The road to Paris: the Macedonian case
12 Oct 2015 by Pavlina Zdraveva, Project Manager, Intended Nationally Determined Contributions, UNDP in the former Yugoslav Republic of Macedonia
In preparation for the Climate Change Conference in Paris this December, all participating countries have been asked to develop and determine their own national contributions to slowing climate change. These proposed measures are referred to as “Intended Nationally Determined Contributions” (INDCs), and to date, 121 countries have submitted one.
The former Yugoslav Republic of Macedonia submitted its INDC in August 2015, the 23rd country in the world to do so. This was the result of hard work and cooperation among various donors, institutions and stakeholders. The country’s INDC was based on detailed technical assessments performed by a large team of experts and on other relevant documents.
The final outcome of these efforts is the country’s official commitment to reduce CO2 emissions from fossil fuels by 30 percent over the next 15 years. This is a crucial commitment because CO2 emissions from fossil fuels currently account for almost 80 percent of the country’s total greenhouse gas emissions, with most emissions generated by the energy supply, buildings and the transport sector.
Developing the country’s INDC involved not only the considerable task of undertaking expert technical analyses in a tight timeframe with limited funds, but also the challenge of communicating to decision-makers and other stakeholders the specific implications of the actions proposed in the INDC.
The preparation process was designed to ensure the active engagement of everyone from ministries to the private sector at every step. Bringing people together in this way allowed them to exchange their experiences, as well as their know-how about the most effective measures to reduce emissions.
The INDC preparation also took analysis a step further by considering for first time both the environmental impacts and the economic and social aspects of each measure. This found that more than half of the planned emission reductions in the country can be achieved through relatively small investments.
The findings also highlighted that policies and measures to mitigate climate change had additional benefits, such as increased employment opportunities. For example, 6,000 green jobs can be created by 2030 by implementing energy-efficiency measures in buildings and by introducing low-carbon energy supply technologies that use renewables and gas.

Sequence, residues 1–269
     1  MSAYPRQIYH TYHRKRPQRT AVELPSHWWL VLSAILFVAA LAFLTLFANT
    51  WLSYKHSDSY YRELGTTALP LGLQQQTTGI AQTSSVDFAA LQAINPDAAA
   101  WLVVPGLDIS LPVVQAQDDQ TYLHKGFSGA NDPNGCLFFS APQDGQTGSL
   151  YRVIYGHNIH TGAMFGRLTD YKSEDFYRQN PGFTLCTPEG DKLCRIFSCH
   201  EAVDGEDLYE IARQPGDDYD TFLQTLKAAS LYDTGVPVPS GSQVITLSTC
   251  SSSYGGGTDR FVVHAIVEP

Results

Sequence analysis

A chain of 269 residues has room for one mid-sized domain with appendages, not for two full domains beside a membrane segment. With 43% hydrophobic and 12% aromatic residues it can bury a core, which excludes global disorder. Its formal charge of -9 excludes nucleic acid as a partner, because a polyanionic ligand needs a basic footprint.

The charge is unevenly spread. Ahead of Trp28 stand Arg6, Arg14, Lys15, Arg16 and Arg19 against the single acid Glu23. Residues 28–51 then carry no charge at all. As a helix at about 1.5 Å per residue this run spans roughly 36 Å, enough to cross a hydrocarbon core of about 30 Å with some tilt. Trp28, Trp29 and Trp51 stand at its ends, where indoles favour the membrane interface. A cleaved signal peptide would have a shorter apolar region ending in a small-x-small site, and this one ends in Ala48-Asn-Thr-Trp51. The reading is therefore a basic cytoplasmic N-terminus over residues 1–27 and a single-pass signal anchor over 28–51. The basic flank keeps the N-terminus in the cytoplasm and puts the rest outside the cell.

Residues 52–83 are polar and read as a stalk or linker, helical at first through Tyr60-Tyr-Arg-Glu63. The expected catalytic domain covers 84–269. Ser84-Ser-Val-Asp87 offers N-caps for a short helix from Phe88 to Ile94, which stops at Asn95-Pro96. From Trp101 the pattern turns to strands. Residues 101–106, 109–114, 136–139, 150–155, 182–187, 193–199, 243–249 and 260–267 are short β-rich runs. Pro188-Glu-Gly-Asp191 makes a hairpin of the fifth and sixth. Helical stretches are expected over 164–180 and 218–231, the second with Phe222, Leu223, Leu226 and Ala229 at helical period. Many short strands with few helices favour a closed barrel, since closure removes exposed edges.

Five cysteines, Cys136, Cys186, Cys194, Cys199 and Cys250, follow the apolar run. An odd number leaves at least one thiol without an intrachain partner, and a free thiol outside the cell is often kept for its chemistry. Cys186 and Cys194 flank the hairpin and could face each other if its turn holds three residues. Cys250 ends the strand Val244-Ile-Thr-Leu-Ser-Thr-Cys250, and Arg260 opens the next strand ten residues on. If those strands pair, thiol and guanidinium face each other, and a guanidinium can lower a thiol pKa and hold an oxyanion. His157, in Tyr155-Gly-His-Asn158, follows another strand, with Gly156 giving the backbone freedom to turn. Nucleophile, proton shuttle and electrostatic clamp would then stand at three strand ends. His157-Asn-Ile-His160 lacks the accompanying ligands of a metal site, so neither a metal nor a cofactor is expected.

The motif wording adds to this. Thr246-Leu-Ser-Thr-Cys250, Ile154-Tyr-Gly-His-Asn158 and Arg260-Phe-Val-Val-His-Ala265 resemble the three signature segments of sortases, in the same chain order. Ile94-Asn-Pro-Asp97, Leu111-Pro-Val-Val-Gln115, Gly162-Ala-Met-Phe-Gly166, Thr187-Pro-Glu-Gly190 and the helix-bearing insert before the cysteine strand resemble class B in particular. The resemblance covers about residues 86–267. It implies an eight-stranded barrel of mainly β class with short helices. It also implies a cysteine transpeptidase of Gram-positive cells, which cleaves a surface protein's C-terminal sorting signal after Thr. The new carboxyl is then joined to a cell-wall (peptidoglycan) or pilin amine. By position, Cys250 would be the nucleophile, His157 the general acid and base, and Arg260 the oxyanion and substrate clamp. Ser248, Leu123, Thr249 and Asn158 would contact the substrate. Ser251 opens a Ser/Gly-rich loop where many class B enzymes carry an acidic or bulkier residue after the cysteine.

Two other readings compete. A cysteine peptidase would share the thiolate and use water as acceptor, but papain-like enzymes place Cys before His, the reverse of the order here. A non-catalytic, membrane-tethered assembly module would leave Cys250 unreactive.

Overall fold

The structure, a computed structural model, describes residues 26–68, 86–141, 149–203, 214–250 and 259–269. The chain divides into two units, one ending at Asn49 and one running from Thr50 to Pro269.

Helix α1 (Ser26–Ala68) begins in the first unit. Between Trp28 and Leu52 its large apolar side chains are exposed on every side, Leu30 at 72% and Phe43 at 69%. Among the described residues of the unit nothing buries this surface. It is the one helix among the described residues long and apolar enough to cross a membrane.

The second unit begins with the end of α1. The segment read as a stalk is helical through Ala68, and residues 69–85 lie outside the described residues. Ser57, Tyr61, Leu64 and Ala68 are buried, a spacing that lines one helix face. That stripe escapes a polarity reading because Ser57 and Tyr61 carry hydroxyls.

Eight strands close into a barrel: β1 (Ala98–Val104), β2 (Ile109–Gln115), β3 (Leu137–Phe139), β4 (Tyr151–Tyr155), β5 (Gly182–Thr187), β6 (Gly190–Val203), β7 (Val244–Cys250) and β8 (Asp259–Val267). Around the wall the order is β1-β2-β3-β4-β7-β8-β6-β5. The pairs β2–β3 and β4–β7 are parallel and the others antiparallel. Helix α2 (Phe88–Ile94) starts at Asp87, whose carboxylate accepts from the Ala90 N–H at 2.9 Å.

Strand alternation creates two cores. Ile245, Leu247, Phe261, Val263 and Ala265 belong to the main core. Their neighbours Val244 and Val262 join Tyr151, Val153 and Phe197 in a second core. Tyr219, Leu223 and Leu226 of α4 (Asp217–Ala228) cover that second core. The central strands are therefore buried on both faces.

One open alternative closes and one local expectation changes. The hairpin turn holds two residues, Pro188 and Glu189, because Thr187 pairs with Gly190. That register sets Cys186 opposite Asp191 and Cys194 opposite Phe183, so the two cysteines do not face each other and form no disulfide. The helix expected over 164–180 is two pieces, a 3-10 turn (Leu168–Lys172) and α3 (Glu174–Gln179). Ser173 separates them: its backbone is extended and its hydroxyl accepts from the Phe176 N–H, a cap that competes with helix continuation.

To help clarify the aims of the INDC, we made this interactive infographic.
Starting point: Greenhouse gas emissions account for almost 80% of the country’s total emissions
Traveller: A Macedonian delegation on behalf of 2.2 million citizens
Destination: Paris 2015 Conference
Mid-point: The EU (as an EU candidate country, we have to take the EU level of ambition into account)
Routes: A 30 percent reduction of CO2 by 2030 (or 36 percent at a higher level of ambition)
Time: By 2030
Costs: €260-280 million per year (approximately 2.2 percent of national GDP)
Favour: Social aspects: by implementing energy efficiency measures in buildings and introducing low-carbon energy supply technologies, about 6,000 green jobs can be created by 2030.
Avoid: Business as usual scenario
Of course, more detailed analyses are still to come. We need to further identify vulnerable sectors, as well as additional adaptation measures. We also need to explore new opportunities for innovative growth and sustainable development.
One of the most important lessons learnt in preparing FYR Macedonia’s INDC has been the importance of including citizens as active players in the preparation process. This is also the message of our campaign to invite ideas from the public about ways to better combat climate change: #ItDependsOnYou.
In the lead-up to the COP21 Paris climate change conference, UNDP's experts and practitioners highlight the challenges and opportunities in addressing this global concern. For more information, visit www.undp.org/cop21